Telecoms giant BT has reported a drop in profits but seen a big rise in demand for its high-speed broadband internet service.
"New wave" technology is helping BT transform itself
Pre-tax profits for the April to June period were £416m ($761m) down from £497m in the same period last year.
A decline in demand for fixed-line services was behind the profit dip.
But BT saw demand for its high-speed technology services rise by 32% and this part of its business now accounts for 20% of revenues.
Quarterly revenues for broadband internet services doubled to £186m, with 2.7 million customers taking up BT's packages.
Regulatory intervention, competition and price cuts have eaten into its traditional fixed-line business, BT said.
BT, which once had a dominant 70% share of the fixed-line market, now faces stiff competition from rivals such as Carphone Warehouse, OneTel and Sweden's Tele2.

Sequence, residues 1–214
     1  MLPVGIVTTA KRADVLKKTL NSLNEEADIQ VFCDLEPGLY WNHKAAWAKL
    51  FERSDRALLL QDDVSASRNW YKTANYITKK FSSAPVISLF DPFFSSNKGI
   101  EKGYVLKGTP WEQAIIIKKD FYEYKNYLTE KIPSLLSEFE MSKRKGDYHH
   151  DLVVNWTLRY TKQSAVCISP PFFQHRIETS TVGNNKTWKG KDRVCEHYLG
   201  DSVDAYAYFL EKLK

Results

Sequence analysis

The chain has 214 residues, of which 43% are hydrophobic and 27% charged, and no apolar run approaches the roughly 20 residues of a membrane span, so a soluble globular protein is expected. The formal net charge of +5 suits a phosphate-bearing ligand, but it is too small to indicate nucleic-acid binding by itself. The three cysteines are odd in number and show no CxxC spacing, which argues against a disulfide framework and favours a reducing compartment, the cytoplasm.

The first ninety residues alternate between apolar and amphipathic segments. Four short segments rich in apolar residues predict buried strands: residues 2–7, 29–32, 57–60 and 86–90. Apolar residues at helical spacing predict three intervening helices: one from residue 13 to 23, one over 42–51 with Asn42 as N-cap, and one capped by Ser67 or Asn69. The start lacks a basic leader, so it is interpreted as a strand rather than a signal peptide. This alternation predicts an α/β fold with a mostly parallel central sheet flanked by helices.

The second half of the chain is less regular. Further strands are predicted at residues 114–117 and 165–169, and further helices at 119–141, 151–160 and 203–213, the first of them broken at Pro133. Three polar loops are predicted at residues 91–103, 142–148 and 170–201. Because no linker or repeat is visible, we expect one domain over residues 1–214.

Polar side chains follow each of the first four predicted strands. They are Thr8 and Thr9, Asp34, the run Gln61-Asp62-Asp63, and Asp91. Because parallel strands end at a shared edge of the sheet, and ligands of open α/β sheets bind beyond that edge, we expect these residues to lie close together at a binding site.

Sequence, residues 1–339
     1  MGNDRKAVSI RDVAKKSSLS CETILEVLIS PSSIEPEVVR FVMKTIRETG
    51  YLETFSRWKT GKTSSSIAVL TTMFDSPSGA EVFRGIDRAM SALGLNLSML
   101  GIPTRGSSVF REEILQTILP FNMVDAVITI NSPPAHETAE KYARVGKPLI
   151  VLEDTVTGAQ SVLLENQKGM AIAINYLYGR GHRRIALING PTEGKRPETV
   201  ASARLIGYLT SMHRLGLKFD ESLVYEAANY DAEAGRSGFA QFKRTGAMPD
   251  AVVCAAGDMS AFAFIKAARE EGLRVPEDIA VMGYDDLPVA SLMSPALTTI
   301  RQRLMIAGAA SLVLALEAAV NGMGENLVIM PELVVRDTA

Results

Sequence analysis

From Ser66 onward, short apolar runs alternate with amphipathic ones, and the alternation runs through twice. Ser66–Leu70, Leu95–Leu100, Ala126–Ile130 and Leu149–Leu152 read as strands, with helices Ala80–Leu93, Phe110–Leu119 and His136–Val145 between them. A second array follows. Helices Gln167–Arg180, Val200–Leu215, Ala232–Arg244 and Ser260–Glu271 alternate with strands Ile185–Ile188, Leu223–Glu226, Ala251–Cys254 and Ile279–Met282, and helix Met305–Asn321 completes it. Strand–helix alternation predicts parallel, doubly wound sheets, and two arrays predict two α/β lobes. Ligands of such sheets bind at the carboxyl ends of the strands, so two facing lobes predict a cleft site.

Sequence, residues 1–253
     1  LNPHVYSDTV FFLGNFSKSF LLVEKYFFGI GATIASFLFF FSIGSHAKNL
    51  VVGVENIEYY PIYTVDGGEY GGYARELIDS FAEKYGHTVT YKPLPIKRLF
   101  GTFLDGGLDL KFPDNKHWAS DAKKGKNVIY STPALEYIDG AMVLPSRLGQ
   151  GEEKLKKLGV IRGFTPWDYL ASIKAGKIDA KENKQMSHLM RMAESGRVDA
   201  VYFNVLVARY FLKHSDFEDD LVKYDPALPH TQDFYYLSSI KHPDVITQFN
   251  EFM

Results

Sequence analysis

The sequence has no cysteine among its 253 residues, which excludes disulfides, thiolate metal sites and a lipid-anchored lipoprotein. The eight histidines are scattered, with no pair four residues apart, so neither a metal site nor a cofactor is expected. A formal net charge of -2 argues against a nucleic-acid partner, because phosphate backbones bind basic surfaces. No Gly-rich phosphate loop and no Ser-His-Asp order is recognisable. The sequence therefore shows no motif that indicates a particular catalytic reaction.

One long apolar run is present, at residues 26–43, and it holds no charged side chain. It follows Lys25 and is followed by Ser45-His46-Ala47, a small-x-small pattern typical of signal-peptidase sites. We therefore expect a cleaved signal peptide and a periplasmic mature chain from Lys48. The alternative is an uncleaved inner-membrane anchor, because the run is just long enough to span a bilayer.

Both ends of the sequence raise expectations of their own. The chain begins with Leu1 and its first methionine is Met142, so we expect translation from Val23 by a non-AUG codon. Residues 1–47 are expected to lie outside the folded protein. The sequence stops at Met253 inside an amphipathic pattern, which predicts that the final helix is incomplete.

These companies have snatched a chunk of the market from BT though enticing promotions offering free local calls or cheaper international rates.
Meanwhile, regulator Ofcom is breathing down BT's neck as it considers a break-up of the company as part of a strategic review of the telecoms industry.
The next quarter's figures will show whether BT's strategy of adopting a simpler pricing structure have paid off.
Its 'Together' packages were designed to fend off rivals, and, so far, a total of 119,000 customers signed up for BT Together in the last quarter.
The group is hoping for further customer interest after cutting line rental and call charges on 1 July.
Fewer customers defected during its first quarter compared with the preceding three-month period, BT reported.
The former monopoly lost around 100,000 customers in the April-June quarter, compared with more than 200,000 defections in the previous quarter, said chief executive Ben Verwaayen.
Meanwhile, net debt, which once was as high as £30bn, fell by 7% during the three months to £8.32bn.